By: Kathleen Longo, CFP®, CAP®, CDFA
When the time comes to retire there can be mixed emotions. On the one hand you are excited, right? Most people approaching retirement have worked diligently for four or five decades and the prospect of switching up that early morning, five day per week routine is certainly something to look forward to. On the other hand, feelings of apprehension can arise when you think about all that time. What if the things that you’ve looked forward to in retirement aren’t enough to sustain you?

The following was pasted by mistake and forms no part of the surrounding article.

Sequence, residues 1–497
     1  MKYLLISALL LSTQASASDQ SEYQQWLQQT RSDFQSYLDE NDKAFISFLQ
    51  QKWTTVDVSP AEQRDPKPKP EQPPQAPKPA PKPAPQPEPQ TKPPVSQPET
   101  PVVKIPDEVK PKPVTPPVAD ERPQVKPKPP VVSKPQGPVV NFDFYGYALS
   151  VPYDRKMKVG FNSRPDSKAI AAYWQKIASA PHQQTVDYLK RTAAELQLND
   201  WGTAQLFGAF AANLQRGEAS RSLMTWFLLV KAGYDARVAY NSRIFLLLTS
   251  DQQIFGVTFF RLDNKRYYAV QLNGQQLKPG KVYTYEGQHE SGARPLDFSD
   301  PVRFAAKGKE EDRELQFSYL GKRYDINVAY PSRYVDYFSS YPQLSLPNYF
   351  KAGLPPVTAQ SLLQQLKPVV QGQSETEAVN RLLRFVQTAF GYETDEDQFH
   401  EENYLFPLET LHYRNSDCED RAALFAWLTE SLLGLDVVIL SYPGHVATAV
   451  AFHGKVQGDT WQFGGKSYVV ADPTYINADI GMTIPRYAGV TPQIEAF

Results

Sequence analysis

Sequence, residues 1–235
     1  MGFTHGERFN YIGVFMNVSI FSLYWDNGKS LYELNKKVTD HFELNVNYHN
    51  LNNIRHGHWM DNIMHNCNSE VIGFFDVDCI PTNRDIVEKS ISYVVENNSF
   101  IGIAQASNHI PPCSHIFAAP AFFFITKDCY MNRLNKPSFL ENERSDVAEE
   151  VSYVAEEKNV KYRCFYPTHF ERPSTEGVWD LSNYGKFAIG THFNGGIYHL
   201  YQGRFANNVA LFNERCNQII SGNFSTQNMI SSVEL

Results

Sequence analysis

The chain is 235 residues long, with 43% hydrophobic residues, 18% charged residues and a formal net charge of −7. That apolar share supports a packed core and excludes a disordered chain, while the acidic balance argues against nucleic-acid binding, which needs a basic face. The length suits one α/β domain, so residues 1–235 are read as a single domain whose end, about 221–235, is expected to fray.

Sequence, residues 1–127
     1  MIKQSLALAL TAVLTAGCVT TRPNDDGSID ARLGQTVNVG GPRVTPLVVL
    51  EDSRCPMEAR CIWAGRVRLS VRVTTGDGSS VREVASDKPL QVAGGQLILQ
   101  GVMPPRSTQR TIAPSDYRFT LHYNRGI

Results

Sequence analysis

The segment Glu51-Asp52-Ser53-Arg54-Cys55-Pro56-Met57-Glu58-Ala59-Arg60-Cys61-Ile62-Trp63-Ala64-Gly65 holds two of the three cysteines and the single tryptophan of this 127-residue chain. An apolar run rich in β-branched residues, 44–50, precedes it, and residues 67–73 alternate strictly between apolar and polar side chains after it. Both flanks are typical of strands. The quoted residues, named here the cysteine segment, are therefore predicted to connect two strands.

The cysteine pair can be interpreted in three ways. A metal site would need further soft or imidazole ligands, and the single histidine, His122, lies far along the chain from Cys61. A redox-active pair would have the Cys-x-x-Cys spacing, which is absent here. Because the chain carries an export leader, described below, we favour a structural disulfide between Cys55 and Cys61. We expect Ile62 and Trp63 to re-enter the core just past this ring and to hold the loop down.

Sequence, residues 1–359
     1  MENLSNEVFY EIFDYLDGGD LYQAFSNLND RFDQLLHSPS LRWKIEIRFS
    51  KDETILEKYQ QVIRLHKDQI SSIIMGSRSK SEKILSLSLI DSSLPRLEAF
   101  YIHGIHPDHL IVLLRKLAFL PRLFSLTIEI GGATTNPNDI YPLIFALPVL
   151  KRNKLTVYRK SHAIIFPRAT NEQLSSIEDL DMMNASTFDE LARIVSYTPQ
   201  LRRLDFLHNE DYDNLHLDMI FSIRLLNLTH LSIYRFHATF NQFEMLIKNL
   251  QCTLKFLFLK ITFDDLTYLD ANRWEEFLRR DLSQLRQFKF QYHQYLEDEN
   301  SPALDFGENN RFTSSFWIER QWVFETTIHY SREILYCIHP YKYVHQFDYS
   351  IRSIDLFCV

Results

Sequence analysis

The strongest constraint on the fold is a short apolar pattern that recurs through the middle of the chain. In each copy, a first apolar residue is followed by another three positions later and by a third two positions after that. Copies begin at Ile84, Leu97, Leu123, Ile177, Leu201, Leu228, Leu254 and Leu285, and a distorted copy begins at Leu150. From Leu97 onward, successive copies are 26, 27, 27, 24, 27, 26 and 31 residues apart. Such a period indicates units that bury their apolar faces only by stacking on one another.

According Stewart Friedman, practice professor of management at Wharton School of Business at University of Pennsylvania and founding director of the Wharton Work/Life Integration Project. “The questions people ask at earlier stages of life become more profound at these later stages,” he says. “Am I living the life I want to live? What is most important to me? Who is most important to me? You see the end, and so you think about what you want to do with the time that you have remaining. There is the question of: now what?”